I, myself, have enjoyed jamming to the indie rock/garage punk music that I’ve experienced at the Danger Collective shows down in LA; but what really caught my attention was when I heard from Michael that Danger Collective is no longer solely concentrated in LA—and is actually expanding to both New York (courtesy of Reed) and Seattle (courtesy of Michael)! The moment I heard this, my excitement grew—just knowing that I might soon have the opportunity to jam out to the awesome tunes being produced by this innovative label whether I’m in LA, my home town; Seattle, my true love and current home; or New York, just visiting.

When I heard about the expansion, I naturally had tons of questions for Michael and Reed about this big move up north and back east. So I set up a time to meet with Michael in hopes that he could give me some inside information on the extension of the label in our very own backyard; I later was able to contact Reed as well to hear about how the expansion is progressing in New York.

Michael is now the CFO, and is mainly in control of the money and distribution in the newly forming Seattle branch. I asked him what inspired him to expand the label further north and he explained that it was mostly a mix of the convenience of being able to go to an awesome school like UW and being able to further develop the label in a remarkable city such as Seattle with such an established music scene.


The Collective’s punk bands duel it out at INSIDELANDS 2014

Danger Collective generally signs bands with a very ‘Los Angeles-esque’ sound, but the label has been really good about not boxing itself into any group of specific genres or subgenres. Danger Collective actually signs bands on an extremely wide spectrum of categories—examples of these varieties include “garage rock/post punk (Slow Hollows and Bobby T and The Slackers), Punk (Cool Runnings and P.H.F of New Zealand) psychedelic rock (Casinos and Te Amo), ambient trap (Polo Club and Best Friend, experimental (Nirvanus), singer song writer (Salmon), pop punk (Rexx), and more,” according to Reed Kanter.

However, when I had the opportunity to sit down and chat with Michael, he noted that “eventually the Seattle sound, the really weird, like…electronic-y thing will…seep” into the label’s unique mix of music that they represent, which I’m really looking forward to. Despite being open-minded to the idea of letting in new genres and moods of music, Michael admitted to me that “LA had a really big influence on [the label] because that’s what [the creators of the label] were used to [listening to their whole] lives.” It seems that these LA vibes are making their way up to Seattle as Michael has gotten Danger Collective’s “releases into several record stores” in the Seattle area (according to Reed Kanter).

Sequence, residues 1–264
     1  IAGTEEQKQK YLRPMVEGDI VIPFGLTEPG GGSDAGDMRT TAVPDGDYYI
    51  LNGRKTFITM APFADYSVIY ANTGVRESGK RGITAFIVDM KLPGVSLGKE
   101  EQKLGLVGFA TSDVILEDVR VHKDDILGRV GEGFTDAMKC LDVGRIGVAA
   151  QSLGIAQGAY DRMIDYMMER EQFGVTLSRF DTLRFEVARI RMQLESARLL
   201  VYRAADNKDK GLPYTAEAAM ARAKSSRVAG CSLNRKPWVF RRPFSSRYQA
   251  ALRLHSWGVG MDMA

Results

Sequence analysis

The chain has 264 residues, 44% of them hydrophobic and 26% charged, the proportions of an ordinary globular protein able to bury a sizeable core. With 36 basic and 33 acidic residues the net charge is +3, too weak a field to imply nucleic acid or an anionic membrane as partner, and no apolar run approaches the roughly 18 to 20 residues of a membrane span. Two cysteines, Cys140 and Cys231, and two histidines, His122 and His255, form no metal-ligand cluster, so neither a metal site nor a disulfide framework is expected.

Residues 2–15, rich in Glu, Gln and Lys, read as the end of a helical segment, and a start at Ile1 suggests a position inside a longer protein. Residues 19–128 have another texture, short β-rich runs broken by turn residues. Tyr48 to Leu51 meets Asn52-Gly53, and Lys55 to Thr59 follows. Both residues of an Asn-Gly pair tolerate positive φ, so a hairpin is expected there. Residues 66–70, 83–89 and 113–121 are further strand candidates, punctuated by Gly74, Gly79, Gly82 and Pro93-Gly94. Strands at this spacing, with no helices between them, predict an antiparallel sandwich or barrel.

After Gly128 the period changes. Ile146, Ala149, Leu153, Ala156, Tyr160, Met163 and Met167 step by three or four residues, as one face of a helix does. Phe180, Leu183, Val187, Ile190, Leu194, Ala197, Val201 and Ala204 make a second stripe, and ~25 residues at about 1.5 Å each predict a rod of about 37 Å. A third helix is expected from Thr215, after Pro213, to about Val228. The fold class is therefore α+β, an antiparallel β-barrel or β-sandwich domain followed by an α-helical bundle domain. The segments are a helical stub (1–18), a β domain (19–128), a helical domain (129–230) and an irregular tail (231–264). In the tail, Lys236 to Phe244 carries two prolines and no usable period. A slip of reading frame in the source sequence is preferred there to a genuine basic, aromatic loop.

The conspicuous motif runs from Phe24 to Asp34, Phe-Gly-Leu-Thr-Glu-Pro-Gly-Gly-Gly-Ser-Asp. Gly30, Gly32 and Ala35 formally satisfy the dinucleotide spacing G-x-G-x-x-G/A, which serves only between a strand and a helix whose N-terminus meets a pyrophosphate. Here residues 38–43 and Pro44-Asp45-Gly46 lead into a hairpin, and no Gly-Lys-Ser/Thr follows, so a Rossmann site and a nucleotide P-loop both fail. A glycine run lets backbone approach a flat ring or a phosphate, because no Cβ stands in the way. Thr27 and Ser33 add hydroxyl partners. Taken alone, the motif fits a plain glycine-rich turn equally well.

Reed currently does a lot for the label in addition to being the original founder; despite his role in “[managing] artists, [booking] shows, [promoting] bands, [contacting] pressing factories for vinyl, [pressing] cassette tapes, [reviewing] submitted demos, …[managing] the social media, and [taking a role in] anything else that needs to be done,” he humbly told me that he “can’t take all the credit” for the label’s success, and he is very grateful for his friends’ help and support.

He is currently busy in New York getting shows together and spreading word of Danger Collective to the east coast. There’s actually already been a New York show presented by Danger Collective in which Reed took a different approach than the label usually does as he “went for a more electronic genre. Nirvanus opened and he was followed by Best Friend, Eaves, Tele/Visions, then Young Ejecta who headlined.” It sounds like it was a fucking rad show, and I seriously recommend checking out all of these artists. It made me wish I could’ve been in New York for it, but got me extremely enthusiastic about the future potential Danger Collective has right here in the amazing city we live in.

Michael let me know that once a couple more Danger Collective representatives make their way up to Washington, he hopes to have the resources to begin signing local Seattle artists and putting together shows—so keep your eyes and ears peeled for more information on that! In the meantime, get a taste of Danger Collective’s artists in a video playlist from the New Radio presentation, Battle Show IV:

Currently involved in the label are Reed Kanter, Michael Lewis, Jackson Katz, Nolan Pearson, Patrick Jewett, Dylan Thinnes, Franklin Newby, and Nick Fenjves. The label has come a long way in just a year, with their expansion spanning across the country. According to Reed, “Danger Collective Records now has music in stores across the country and [the label has their] artists featured on iTunes and Spotify.” I’m obviously thrilled about what’s to come for the Seattle branch of Danger Collective Records, and can’t wait to see where all divisions of the label go in the future. Be sure to follow Danger Collective Records at dangercollectiverecords.com and on Facebook, and keep an eye out for upcoming shows presented by Danger Collective Records in the Seattle area (or in LA/New York if you’re ever stopping by)!

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Rad Rebs